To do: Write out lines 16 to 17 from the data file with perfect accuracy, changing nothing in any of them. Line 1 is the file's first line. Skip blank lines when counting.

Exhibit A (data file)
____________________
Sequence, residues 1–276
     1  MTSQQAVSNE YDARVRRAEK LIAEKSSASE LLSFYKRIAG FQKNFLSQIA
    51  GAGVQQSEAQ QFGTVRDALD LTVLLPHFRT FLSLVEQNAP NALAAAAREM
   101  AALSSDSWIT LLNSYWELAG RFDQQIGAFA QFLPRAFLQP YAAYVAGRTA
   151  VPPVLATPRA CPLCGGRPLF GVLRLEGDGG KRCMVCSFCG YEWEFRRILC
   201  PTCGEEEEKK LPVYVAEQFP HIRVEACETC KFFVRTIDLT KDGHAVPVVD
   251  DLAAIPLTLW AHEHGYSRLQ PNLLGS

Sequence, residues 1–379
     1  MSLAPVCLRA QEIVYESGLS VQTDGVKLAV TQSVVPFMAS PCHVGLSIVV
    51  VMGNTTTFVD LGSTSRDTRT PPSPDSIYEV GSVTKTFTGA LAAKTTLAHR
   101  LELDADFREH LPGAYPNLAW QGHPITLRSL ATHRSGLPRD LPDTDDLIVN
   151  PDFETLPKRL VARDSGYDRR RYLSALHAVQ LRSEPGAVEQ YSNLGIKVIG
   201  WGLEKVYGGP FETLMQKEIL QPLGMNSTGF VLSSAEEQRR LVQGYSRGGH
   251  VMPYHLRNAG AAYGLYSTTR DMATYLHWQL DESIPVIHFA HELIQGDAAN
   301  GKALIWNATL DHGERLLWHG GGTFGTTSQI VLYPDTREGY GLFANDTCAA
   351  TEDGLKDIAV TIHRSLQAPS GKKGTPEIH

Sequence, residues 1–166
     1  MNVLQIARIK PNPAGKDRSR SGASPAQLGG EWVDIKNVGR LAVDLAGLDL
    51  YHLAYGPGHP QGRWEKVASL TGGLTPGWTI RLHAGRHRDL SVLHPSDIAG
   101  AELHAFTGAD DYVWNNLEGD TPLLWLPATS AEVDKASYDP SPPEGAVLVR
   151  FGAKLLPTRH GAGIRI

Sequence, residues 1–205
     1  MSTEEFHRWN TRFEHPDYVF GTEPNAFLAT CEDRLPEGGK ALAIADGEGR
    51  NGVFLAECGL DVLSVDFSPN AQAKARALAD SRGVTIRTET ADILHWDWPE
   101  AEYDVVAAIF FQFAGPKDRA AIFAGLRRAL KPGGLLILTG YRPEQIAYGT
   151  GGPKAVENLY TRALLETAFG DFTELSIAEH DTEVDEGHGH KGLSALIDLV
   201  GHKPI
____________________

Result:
   351  TEDGLKDIAV TIHRSLQAPS GKKGTPEIH

Sequence, residues 1–166